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The reasons for wanting an MBA are as numerous and varied as the MBA candidates themselves. Students can be from a business background, or from engineering, sales, government, non-profit and even artistic backgrounds. They can be recent graduates, successful top executives or anywhere in between. There are men and women, single, married or divorced. They work full-time, part-time or co-op or not at all. What draws this diverse group of people to MBA programs, and why you may want an MBA, is a culmination of several aspects.

Perhaps most popularly, an MBA is a credential. To climb the corporate ladder, some positions may require an MBA, and it looks good on a resume even if its not required. In my own search for information about programs and preparation, I’ve heard stories of companies recruiting specifically out of MBA schools, because those companies target a specific caliber of people that tend to inhabit the halls of MBA programs. While every MBA graduate may not fit the profile, more often than not they have acquired a certain way of thinking, a certain skill set, etc., that make them appealing on the basis of their MBA degree. Some people have admittedly pursued their MBA just to “check the box”, meaning it was something they felt necessary in their career, but not much else. While this is a reality for many people, I think it’s a shame to consider such a unique experience as anything less than a good opportunity.

To pursue an MBA is to pursue further education. Especially for people holding non-business undergrad degrees, an MBA is an opportunity to learn the concepts and fundamentals of business. Executive MBAs are less detailed in this way, catering to what is most important to someone of executive status, but nevertheless, provide a business framework for their students. Combining accounting and finance classes with management and strategy classes, an MBA is different than an undergrad degree in business in the approach and focus.

Further education can mean a lot of things. For many entrepreneurs, an MBA provides skills and practice in writing business plans, executing finance meetings and managing people. For engineers, the finance, accounting and management aspects may help them become engineering managers. MBAs can be a means of gaining the knowledge to advance in your career, or a means of changing professions altogether.

Most MBA programs require or strongly recommend some work experience before applying, because the concepts are easier to grasp with some experience in the background. A student in his 50’s once explained to me his observation of the younger students; those with no experience struggled significantly, those with a few years experience struggled much less, and those with upwards of 10 or 15 years of experience rarely struggled, and actually significantly contributed to the class. Without real-world context, the material is challenging and intangible, and just a few years of experience makes a big difference.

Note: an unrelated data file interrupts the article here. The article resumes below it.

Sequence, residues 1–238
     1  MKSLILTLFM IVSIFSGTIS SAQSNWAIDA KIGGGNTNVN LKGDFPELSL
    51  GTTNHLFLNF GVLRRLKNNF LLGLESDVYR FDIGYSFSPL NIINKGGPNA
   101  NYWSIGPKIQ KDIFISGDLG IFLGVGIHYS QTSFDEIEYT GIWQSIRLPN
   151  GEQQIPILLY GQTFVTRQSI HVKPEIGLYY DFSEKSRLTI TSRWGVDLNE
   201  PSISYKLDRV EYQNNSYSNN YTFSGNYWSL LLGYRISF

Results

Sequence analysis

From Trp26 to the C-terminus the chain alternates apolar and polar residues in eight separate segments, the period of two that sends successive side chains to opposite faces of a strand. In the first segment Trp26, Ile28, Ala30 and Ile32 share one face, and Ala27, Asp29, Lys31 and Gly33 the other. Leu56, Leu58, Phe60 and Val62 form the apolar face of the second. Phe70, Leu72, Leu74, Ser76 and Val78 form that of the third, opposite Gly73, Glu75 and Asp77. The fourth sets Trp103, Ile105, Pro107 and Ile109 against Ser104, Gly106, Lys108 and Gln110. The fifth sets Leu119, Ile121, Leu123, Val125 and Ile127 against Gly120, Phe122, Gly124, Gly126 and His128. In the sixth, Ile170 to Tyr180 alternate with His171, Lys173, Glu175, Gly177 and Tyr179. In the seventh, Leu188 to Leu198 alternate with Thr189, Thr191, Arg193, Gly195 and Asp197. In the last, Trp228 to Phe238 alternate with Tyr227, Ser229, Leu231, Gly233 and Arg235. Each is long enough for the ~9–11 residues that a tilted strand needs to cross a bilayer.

Because many companies re-imburse partially or fully for further education, some people may pursue an MBA simply because they can. Likewise, some schools offer legacy programs, so children of MBA recipients may blindly follow in their parents’ footsteps. They may not recognize all the benefits going into it; some people just like doing something to keep their minds fresh, or pursue the latest craze, and “MBA” is certainly a popular buzzword. This is a little bit like “checking the box” but less consciously so.

A benefit often overlooked is that your MBA classmates may become some of the strongest connections in your network. MBA programs bring together people with several things in common: drive, ambition, intelligence and experience, to name a few. Working with teams on homework and projects, discussing study material and exchanging “war stories” almost automatically form bonds between MBA candidates, and many students keep in contact with one another long after they have completed their programs. These people can help you find jobs, advise on your latest business or career problems, and provide additional contacts to help you accomplish your goals. Interestingly enough, the people that do understand this benefit of MBAs often look forward to them for this reason, myself included. I am excited about the prospect of meeting people a bit more ambitious, experienced and interesting than my regular crowd, who make great party guests but poor mentors. Being a single woman, I am a bit hopeful I may meet the man of my dreams over the course of the program. Why not, right?

There are many more reasons why specific people pursue MBAs, but generally, they are sought as resume builders, further education (either for advancement or career change) and a source of strong networks of successful business people.